When you go to driving school, you learn what to do and what not to do when navigating the road. By now, motorists know the basic driving laws. Republic Act No. 4136, more commonly known as the Land Transportation and Traffic Code, contains all the traffic laws and provisions in the Philippines.
Of these laws, a good portion is generally known by the driving public. There are also less-known provisions that every motorist needs to know. This article will walk you through the provisions of the vehicular accident law in the Philippines and what you need to do if you're involved in one.
Vehicular Accident Law in the Philippines: 3 Provisions Drivers Must Know
Exceptions to the Right of Way Rule (Chapter IV, Article III, Section 43)
This section of the Land Transportation and Traffic Code states that under certain conditions, the right of way rule can be disregarded. Here’s an example:
“The driver of a vehicle upon a highway shall yield the right of way to police or fire department vehicles, and ambulances when such vehicles are operated on official business and the drivers thereof sound audible signal of their approach.”
This provision is also discussed later under Article V, Section 49, and it adds that people driving other vehicles must drive to and parallel to the right-hand edge or curb of the highway, clear of any intersection of highways, and stop there unless otherwise directed, and until the vehicles in question have passed.
Driver’s Duty in Case of Accidents (Chapter IV, Article V, Section 55)
In cases of an accident, the vehicular accident law in the Philippines provides for the duty of the driver should they be involved in an accident.
The Code states the following, specifically:
“In the event that any accident should occur as a result of the operation of a motor vehicle upon a highway, the driver present, shall show his driver’s license, give his true name and address, and give the true name and address of the owner of the motor vehicle.
Even in the case of an accident, there are exceptions to the rules. The same provision states that a driver should not leave the scene of the accident without aiding the victim unless under any of the following specific circumstances:
- If they’re in imminent danger of being seriously harmed by any person or persons by reason of the accident
- If he or she reports the incident to the nearest office of the law. A driver may leave the scene to report the accident to the nearest police station or MMDA outpost. It may be easier to contact the authorities with the existence of the Emergency 911 Hotline instead.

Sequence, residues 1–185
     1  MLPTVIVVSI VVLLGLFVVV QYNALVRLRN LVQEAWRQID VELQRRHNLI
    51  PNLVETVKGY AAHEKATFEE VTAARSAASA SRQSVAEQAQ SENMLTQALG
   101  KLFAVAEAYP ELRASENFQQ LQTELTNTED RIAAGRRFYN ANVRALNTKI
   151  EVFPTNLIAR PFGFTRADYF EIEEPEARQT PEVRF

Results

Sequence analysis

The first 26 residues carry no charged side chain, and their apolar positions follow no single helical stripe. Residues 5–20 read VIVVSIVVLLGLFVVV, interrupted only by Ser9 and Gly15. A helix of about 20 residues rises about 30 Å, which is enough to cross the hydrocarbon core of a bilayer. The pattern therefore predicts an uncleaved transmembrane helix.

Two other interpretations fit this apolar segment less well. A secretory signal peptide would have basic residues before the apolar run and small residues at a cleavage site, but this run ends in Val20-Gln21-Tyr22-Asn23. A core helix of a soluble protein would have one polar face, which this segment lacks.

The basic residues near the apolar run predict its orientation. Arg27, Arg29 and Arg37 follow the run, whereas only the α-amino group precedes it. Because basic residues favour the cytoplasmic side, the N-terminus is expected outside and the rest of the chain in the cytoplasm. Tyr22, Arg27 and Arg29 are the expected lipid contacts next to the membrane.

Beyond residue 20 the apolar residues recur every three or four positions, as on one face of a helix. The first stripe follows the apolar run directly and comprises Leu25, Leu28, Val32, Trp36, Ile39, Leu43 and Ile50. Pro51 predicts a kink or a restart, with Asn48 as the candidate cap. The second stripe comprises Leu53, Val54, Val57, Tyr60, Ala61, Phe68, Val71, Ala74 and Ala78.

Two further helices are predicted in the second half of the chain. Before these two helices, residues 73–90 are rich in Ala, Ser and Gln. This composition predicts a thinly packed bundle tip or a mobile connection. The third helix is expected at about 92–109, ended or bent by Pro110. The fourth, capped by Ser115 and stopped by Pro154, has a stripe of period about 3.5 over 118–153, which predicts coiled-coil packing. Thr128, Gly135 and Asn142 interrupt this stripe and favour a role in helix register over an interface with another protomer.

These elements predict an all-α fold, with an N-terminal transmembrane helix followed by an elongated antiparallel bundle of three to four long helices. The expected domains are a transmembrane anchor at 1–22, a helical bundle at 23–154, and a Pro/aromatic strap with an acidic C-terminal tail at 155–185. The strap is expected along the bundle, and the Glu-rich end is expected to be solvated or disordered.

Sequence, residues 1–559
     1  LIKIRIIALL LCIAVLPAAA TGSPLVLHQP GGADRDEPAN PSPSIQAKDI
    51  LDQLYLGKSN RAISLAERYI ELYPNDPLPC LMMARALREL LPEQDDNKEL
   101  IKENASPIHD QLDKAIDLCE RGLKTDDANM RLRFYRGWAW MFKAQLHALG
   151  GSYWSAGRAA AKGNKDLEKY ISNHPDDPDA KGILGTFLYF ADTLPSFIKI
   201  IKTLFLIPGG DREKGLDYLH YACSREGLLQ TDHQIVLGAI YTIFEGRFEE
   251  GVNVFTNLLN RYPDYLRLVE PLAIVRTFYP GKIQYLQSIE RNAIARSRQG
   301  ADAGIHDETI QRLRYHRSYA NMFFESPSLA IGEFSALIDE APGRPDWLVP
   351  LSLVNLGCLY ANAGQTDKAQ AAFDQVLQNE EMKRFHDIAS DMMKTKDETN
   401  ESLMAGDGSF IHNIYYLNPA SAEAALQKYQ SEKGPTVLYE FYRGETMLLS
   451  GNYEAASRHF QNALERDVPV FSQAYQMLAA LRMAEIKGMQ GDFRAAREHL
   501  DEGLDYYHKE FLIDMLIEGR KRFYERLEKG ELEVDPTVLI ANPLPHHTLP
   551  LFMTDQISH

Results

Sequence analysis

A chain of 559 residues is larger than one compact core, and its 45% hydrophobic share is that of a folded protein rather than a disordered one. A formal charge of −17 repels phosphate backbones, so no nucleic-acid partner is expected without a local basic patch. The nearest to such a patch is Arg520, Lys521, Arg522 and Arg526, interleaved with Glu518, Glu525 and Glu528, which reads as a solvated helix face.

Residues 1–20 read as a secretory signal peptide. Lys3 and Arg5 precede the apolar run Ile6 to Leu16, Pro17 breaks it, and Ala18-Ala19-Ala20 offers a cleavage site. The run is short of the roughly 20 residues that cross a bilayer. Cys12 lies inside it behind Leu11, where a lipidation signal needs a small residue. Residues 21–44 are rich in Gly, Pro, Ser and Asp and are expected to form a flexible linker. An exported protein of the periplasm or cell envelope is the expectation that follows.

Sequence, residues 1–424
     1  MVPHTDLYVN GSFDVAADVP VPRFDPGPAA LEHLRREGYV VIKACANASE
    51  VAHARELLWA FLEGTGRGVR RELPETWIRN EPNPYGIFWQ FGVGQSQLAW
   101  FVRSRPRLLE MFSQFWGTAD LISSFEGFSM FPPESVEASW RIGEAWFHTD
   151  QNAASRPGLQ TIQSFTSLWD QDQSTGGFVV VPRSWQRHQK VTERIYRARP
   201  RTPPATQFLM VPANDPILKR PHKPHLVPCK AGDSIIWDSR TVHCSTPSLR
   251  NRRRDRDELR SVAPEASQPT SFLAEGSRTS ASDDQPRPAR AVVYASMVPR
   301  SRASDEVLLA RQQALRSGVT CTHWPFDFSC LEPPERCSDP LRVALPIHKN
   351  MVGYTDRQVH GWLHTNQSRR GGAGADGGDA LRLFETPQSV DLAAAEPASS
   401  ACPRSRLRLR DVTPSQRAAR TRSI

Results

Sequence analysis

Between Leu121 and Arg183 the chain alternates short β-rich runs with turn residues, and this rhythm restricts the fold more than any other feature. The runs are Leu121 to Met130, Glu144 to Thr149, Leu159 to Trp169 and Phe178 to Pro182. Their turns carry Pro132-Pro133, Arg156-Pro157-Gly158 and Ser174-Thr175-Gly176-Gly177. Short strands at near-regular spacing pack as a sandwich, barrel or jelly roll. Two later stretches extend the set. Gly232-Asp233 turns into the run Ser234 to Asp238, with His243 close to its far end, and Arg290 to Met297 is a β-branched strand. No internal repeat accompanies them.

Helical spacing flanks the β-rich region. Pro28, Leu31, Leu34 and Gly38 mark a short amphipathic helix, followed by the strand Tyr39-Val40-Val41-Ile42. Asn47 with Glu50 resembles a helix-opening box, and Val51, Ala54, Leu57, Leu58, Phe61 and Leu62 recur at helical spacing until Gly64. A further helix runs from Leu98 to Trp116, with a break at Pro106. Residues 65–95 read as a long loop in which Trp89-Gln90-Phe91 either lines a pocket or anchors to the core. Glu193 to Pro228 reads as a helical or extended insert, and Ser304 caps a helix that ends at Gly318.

- If he or she has to summon a physician or nurse to aid the victim. As above, one may leave the scene of an accident to request aid for the victim at the nearest emergency room, or through the emergency hotlines.
Rules Against Reckless Driving (Chapter IV, Article V, Section 48)
Under RA 4136, no one should operate a vehicle on any highway without due caution and consideration for the conditions of the road and weather. This includes paying attention to the width and traffic of the highway, as well as any crossing, curvatures, or other hazards. Failing to do so endangers not only the driver but also any pedestrians or property in the vicinity.
Additionally, operating a vehicle in such a way that can cause extensive damage to the highway is also illegal and punishable. Therefore, any manner of driving that will endanger the safety of other motorists, pedestrians, pedestrians, and highways is included.
The Speed Limit Law (under Chapter IV, Article I of the Land Transportation and Traffic Code) is a car accident law in the Philippines that’s related to reckless driving. Driving above the speed limit is illegal, whether there’s a posted speed limit sign or not.
Drunk driving and distracted driving are also considered forms of reckless driving. Driving while under the influence of alcohol or drugs and driving while using a cellphone or other handheld device put the motorist and others at risk and can result in accidents, injuries, and even death.
Who is Liable in a Car Accident in the Philippines? Here’s What the Law States
The assumption that the driver of the larger vehicle is always at fault or liable in a car accident is not accurate. There’s no clause or section stating that this should be the case. There must be evidence and an analysis of the incident to establish who is responsible.
Many other factors contribute to an accident. That’s why it’s important to always consult with an expert to seek legal advice for a vehicular accident in the Philippines. Also, follow the duty of the driver in case of an accident as stated above.